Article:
Fortnightly links: understanding ISIS, democratic leadership, Australian generosity, and more…

The Paris terrorist attacks and escalating calls for military intervention in Syria have further complicated the question of how to address the European refugee crisis. On the Crooked Timber blog, Chris Bertram and Sarah Fine warn against allowing outrage to lead to unjust and counterproductive migration policies.

Part of this outrage is likely driven by a lack of understanding of the origins of ISIS and its objective. Vox’s explainer covering ‘9 questions about ISIS you were too embarrassed to ask’ provides a more nuanced view. And Huffington Post‘s Highline has a compelling story on ‘The Mothers of ISIS’ — profiling, in heartbreaking detail, mothers whose children left their (mostly middle-class, Scandinavian) homes to join the caliphate.

The Washington Post‘s Wonkblog also offered a summary of Thomas Piketty’s argument that economic inequality is a fundamental driver of terrorism in the Middle East. To that end, the New Yorker‘s John Cassidy summarises the facts about terrorism, noting that ending terrorism is not just a matter of ‘destroying and degrading IS’ (as Western politicians have frequently put it), but also requires addressing the forms of marginalisation and discrimination that give rise to it.

What difference does a Western education make for leaders of developing countries — or does it make any difference at all? A recent study by Daniel Krcmaric and Thomas Gift examined the educational backgrounds of 500 developing country leaders, and the extent to which they led democratically, finding that Western-educated leaders are more likely to preside over democratic reforms. Full [gated] journal article here; summary on The Monkey Cage blog here.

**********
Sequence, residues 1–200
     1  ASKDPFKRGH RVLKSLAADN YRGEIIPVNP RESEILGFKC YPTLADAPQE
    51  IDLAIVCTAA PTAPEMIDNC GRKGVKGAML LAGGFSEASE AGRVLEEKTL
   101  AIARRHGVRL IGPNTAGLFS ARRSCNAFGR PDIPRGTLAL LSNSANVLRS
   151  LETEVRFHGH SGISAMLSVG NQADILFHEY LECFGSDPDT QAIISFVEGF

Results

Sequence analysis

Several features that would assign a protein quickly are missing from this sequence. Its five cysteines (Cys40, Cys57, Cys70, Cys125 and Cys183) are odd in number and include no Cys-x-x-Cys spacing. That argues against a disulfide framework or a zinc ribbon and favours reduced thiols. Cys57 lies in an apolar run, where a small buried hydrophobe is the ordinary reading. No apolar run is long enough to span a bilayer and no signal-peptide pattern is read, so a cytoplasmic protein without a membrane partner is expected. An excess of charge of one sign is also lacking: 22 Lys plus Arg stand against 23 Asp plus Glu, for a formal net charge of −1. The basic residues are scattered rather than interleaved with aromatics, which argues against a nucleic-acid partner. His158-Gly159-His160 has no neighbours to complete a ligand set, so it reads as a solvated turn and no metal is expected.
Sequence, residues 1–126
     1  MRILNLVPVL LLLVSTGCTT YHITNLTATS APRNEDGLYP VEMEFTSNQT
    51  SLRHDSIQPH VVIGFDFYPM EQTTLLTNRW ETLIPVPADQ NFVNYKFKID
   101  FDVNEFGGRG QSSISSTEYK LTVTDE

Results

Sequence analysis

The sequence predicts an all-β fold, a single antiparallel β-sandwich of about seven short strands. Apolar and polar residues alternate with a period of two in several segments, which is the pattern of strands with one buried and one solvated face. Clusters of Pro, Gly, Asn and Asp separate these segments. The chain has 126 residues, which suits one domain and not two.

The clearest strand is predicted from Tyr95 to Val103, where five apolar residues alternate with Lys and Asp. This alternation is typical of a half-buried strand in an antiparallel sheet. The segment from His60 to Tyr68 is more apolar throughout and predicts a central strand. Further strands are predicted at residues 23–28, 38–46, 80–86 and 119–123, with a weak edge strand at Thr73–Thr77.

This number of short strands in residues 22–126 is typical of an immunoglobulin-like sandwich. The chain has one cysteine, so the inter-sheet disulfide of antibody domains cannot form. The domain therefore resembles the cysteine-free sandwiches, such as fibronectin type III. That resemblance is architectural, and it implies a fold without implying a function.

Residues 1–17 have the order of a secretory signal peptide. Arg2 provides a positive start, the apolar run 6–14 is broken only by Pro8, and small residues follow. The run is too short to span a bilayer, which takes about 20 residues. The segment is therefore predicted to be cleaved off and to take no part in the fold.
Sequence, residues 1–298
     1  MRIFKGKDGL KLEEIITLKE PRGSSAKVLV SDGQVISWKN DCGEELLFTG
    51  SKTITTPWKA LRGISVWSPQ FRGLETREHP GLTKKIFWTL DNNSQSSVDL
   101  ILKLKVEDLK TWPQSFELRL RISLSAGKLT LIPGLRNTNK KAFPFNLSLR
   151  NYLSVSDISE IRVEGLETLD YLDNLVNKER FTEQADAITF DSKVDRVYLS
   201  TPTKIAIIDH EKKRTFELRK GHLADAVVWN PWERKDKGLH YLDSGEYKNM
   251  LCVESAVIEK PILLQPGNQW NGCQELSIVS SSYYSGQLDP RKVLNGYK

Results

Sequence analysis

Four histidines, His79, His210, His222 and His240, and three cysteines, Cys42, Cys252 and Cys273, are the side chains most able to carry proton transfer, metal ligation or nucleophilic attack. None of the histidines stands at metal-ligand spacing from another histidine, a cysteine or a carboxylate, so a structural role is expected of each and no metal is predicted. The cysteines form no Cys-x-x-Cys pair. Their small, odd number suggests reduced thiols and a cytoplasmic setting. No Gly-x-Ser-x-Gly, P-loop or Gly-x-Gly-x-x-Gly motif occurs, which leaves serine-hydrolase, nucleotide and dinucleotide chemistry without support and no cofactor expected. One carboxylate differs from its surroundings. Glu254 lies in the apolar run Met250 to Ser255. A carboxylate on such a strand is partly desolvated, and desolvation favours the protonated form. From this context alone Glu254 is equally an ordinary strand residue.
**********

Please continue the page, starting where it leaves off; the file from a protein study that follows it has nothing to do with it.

On AidSpeak, anonymous blogger J. writes that a recent ruling in the Norwegian courts which found the Norwegian Refugee Council guilty of “gross negligence” in its handling of the 2012 kidnapping of four of its staff in Kenya should be regarded as a “game-changer” for the humanitarian industry.

What lessons can contemporary activists take away from the history of campaigning? Duncan Green (who, incidentally, is speaking at ANU this morning — details here) reports from a recent seminar which delved into a number of UK campaigns dating back more than 100 years.

The Guardian offers a long read on the origins and controversies surrounding the development of REDD+ in Papua New Guinea, and the difficult tradeoffs posed between deforestation and economic development.

And lastly, in the wake of the publication of the World Giving Index 2015 — which shows Myanmar to be the most generous country in the world — Fairfax Media asks “how generous are Australians really?” While Australia still ranks highly in the World Giving Index, coming in at number six, there are concerns around data suggesting that Australians are volunteering less for the first time in 20 years, and that economic donations have flatlined since the global financial crisis.

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Camilla Burkot

Camilla Burkot was a Research Officer at the Development Policy Centre, and Editor of the Devpolicy Blog, from 2015 to 2017. She has a background in social anthropology and holds a Master of Public Health from Columbia University, and has field experience in Eastern and Southern Africa, and PNG. She now works for the Burnet Institute.

Terence Wood

Terence Wood is a Research Fellow at the Development Policy Centre.

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